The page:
Just Compensation

         The explicit instructions which Christ Jesus gave to the seventy disciples, about to depart upon their mission of proclaiming and proving the healing power of the Christ, furnished the details of their conduct. They were to go without purse or scrip, and with bare feet; they were to salute no one on the way, perhaps because the Eastern salutations were complicated and tedious; and, rather than to go from house to house, they were to abide in the house where was found one who loved peace, eating and drinking, making there their headquarters — for "the labourer is worthy of his hire."

         Apparently it was the Master's belief that in the house where thought was receptive to the healing truth the disciples' ministry to the inmates would be adequate compensation for their housing and food; also, apparently, Jesus believed that remuneration should be paid by those who were benefited by the ministries of these students of his teachings. In this way Jesus set forth the obligation on the part of one thus profited to return some equivalent for the service rendered, while indicating that those engaged in demonstrating the power of the Christ, healing and regenerating the sick and sinning, were justified in looking for their subsistence to those whom they had helped. This is a justifiable basis of compensation of Christian Science practitioners for their healing works, as established by Mrs. Eddy.

         There is, moreover, a metaphysical aspect to the problem of compensation which should not be overlooked, either by practitioner or by patient. One who turns to spiritual means for healing does so with the expectation of receiving direct and definite benefits; he desires to get something. It is well recognized that the thought is most receptive of the healing truth which is also giving out, reflecting love, gratitude, joy, patience, humility, and obedience. One so actuated will find ample means for remunerating those who have been the channels for the divine message.

         In "Miscellaneous Writings" (p. 300) Mrs. Eddy states the case concisely and with directness: "Christian Science demonstrates that the patient who pays whatever he is able to pay for being healed, is more apt to recover than he who withholds a slight equivalent for health." And she adds this important statement: "Healing morally and physically are one." Our Leader saw a close relation between one's moral and physical healing. How could it be otherwise, since the patient's physical condition is the outward expression of his mental state, of the thoughts he holds, consciously or unconsciously? The mentality that would withhold just compensation for the service of Christian ministry could scarcely reflect the spiritual quality receptive to the Christ-message in so great degree as one who constantly expressed gratitude and thanksgiving. The lines of a well-known hymn are pertinent:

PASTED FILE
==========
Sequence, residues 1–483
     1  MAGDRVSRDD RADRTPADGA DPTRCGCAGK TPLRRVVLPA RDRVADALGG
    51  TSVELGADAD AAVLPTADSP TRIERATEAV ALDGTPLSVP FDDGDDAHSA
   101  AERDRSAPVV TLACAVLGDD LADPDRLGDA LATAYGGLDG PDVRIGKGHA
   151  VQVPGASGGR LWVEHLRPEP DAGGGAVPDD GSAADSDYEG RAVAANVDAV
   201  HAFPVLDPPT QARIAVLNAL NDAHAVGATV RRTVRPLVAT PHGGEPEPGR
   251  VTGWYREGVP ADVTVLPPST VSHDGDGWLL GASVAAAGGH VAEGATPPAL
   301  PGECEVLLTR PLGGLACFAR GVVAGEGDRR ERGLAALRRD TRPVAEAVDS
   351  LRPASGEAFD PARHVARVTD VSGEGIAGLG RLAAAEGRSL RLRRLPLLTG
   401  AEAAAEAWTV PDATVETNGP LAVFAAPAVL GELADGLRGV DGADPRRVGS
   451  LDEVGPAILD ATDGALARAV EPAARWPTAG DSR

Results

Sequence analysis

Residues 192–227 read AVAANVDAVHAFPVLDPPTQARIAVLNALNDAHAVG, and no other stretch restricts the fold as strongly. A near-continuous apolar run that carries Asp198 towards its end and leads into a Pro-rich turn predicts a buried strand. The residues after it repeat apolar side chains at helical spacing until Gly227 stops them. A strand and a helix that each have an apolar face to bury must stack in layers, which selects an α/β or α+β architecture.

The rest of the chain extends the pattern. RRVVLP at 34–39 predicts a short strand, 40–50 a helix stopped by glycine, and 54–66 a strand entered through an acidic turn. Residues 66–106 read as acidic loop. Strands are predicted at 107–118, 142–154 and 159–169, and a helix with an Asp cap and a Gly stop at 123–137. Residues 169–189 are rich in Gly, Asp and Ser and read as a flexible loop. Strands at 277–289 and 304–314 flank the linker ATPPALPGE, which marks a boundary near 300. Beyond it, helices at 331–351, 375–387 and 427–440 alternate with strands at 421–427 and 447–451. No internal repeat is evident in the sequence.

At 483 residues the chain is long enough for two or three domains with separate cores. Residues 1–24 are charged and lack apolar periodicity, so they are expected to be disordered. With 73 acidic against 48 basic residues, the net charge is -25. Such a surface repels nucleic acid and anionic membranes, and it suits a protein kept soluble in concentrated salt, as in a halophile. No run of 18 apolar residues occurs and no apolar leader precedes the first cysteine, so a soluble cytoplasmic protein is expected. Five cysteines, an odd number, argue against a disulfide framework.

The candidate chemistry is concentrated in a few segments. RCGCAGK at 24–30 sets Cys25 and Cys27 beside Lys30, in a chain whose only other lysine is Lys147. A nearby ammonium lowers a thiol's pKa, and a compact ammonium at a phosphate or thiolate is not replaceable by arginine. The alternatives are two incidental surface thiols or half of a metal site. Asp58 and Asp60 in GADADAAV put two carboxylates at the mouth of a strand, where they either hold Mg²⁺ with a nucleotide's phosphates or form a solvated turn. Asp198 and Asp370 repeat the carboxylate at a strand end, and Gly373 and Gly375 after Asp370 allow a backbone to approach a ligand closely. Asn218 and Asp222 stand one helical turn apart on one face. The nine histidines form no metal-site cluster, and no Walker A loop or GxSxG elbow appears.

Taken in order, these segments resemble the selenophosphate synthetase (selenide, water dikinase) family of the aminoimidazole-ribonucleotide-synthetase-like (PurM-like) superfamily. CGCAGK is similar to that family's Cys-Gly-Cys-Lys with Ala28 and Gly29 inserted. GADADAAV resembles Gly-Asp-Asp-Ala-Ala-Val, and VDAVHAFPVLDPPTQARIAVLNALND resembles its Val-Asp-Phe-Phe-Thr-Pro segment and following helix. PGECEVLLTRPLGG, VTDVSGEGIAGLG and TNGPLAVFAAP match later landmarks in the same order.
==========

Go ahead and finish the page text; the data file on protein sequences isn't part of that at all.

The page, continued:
"Ceasing to give, we cease to have,
Such is the law of love."

         The belief of lack is directly traceable to erroneous thinking. The thought which would withhold is often the one which experiences a sense of lack, because it has no adequate concept of substance. The sense of lack and the mistaken mental quality called miserliness are the types which dislike to render adequate compensation for spiritual help — the one from failure to understand the omnipresence of good, the other from failure to understand true substance, that it is infinite, and hence beyond possibility of exhaustion. In the gaining of the true sense of health, correction of these erroneous views is imperative.

         It should not be overlooked, however, that in the healing practice an obligation rests on the practitioner no less than upon the patient. It should never be lost sight of that Christian Science practice is a Christian ministry rather than a profession. Those holding themselves as ready to aid mankind spiritually are in duty bound to seek such realization of spiritual truth as will bring to the patient the most definite assurance of God's presence and man's perfection. This is true ministry, to which the earning of compensation is altogether secondary. But true service is worthy of just remuneration.

         Our Leader makes it very clear that Christian Scientists, being first of all humanitarians, should never fail to put the joy of service above the hope of material reward. Particularly does she admonish the practitioner in cases of protracted service reasonably to reduce the charges, especially in cases where healing is not effected. Her words in the Manual of The Mother Church (pp. 46, 47) are specific: "A Christian Scientist is a humanitarian; he is benevolent, forgiving, long-suffering, and seeks to overcome evil with good." Thus does our Leader establish for all time the standard of conduct in the practice of healing. The relation between practitioner and patient when established upon a scientific basis, is mutually beneficial, since both are channels for the expression of the divine Love which heals and regenerates mankind.


"Just Compensation" by Albert F. Gilmore, CSB
Christian Science Sentinel, June 5, 1926

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